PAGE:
@shoen Thanks for the explanation, but the issue is not about misconfiguration of DNS or HTTP services. All my websites run fine, including the only one with the LetsEncrypt certificate. The problem stems from the certbot-auto question “Which names would you like to activate HTTPS for?”.

If you read the previous posts you would notice that most of my problems originate from the answer to that question. As you can see from the DUMP, I have many domain names and the question posed by certbot-auto did not state that the choices should be limited to those that involve domains that point to the same root directory. My logical assumption was that this was to allow for a multi-domain certificate or that it would generate certificates for each domain entered in the list.

This is clearly not the case and perhaps some clarification as to what certbot-auto means when it is asking for a list of domain names would be beneficial.

Looking at the certificate also highlighted the fact that the last two domains listed under Domains: will likely have to be removed from the certificate because there might be unwanted consequences if I get them their own certificates. Unfortunately you did not elaborate on a solution to this issue by suggesting a way in which this can be accomplished.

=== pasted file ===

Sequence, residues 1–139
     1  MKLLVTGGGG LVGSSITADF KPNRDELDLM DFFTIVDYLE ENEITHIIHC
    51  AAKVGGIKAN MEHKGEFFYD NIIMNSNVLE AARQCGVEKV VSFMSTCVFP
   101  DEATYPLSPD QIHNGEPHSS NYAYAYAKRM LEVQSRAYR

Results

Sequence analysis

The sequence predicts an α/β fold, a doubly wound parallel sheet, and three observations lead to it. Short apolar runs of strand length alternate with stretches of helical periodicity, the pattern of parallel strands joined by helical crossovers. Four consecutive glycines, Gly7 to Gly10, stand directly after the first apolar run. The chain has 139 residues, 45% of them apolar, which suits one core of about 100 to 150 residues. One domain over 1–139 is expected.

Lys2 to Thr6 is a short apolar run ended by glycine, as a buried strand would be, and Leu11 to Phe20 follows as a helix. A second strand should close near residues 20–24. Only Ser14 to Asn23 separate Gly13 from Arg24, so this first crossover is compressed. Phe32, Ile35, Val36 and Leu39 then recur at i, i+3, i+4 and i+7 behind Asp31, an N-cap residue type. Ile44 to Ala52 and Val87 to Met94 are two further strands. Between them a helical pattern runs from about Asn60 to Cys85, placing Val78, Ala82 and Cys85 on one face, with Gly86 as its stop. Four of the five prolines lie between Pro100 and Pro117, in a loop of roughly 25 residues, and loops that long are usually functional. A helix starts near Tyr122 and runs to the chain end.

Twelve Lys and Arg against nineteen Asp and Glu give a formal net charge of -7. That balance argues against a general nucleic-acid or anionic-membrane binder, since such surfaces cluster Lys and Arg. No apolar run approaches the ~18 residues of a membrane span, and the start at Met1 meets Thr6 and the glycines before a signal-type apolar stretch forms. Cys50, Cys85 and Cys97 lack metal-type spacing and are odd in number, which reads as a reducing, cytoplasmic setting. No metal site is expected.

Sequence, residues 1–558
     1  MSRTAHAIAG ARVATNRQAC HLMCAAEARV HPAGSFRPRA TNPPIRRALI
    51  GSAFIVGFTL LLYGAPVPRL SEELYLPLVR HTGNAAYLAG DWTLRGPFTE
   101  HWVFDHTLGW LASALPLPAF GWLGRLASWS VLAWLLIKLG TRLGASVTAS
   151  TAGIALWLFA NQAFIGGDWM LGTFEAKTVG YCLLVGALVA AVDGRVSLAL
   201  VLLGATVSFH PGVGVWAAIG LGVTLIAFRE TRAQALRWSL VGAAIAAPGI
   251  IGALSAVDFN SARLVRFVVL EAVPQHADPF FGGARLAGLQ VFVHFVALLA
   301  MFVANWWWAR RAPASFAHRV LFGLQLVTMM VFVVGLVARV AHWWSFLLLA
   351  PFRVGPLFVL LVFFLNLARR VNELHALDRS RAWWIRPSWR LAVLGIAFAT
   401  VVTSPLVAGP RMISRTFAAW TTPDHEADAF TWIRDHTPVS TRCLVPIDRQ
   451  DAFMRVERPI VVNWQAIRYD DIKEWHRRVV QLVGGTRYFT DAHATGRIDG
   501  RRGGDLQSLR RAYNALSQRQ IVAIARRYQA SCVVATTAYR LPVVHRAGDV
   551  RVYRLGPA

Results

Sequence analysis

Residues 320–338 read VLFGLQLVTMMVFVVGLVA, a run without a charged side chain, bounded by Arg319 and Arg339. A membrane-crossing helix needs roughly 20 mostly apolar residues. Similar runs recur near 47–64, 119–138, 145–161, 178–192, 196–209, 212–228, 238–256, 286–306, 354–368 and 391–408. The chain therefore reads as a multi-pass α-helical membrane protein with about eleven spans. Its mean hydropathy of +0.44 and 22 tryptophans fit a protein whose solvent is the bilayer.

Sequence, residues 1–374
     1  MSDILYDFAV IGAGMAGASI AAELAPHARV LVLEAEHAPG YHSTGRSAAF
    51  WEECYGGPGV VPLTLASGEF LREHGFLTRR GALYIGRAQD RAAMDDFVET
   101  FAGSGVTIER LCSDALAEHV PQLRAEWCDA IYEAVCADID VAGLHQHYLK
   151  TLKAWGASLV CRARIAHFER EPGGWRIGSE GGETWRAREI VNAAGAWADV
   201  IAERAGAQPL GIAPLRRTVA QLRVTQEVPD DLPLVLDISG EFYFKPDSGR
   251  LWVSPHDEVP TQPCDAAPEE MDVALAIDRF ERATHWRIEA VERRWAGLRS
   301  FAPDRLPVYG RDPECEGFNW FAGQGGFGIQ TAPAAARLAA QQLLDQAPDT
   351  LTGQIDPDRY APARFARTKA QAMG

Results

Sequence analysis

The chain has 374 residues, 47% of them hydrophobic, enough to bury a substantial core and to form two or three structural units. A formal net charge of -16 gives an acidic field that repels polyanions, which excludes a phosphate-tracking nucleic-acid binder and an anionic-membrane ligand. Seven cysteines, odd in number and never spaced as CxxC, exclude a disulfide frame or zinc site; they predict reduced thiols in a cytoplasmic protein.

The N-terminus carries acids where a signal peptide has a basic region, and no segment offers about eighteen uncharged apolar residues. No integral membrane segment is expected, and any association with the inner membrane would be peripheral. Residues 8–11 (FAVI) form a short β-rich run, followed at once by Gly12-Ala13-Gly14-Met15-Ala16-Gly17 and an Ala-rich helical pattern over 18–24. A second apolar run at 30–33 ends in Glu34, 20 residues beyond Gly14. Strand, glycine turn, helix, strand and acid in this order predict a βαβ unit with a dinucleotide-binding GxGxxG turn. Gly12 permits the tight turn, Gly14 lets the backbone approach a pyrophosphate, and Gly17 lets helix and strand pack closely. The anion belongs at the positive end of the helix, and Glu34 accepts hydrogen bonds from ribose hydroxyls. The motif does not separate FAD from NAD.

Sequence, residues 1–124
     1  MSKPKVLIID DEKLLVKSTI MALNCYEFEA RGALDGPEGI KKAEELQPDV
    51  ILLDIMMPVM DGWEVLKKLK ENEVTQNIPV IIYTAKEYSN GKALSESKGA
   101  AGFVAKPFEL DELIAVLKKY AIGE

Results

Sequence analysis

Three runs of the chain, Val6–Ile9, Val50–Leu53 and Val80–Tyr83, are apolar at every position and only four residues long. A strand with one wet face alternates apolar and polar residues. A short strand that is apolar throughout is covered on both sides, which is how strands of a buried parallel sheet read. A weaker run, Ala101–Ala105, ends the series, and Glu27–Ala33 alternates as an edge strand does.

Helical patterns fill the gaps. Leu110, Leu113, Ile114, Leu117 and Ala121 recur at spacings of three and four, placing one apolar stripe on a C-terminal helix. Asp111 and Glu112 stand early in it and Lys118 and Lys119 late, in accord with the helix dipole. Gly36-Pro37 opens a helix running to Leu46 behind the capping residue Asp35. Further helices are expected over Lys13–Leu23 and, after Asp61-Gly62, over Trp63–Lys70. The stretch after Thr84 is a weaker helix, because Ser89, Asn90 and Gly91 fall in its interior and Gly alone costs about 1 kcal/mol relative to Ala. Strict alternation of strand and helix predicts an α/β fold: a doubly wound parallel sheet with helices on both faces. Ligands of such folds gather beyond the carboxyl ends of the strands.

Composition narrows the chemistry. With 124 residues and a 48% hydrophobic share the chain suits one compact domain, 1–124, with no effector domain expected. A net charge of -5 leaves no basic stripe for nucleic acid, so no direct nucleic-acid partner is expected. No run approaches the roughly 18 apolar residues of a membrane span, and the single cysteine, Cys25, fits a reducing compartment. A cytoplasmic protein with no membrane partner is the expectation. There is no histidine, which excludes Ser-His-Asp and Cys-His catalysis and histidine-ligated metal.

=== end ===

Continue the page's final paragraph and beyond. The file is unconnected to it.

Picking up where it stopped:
Hopefully you will be kind enough to do so.
Thanks

If you mean the Apache document root setting, Certbot has no problem getting a certificate for names in virtual hosts with different document roots.

To replace a certificate with a new one for a subset of the names in the previous certificate, run a similar command to the original command used to create the certificate, with the --cert-name option to specify its name, and -d option(s) specifying the new name(s).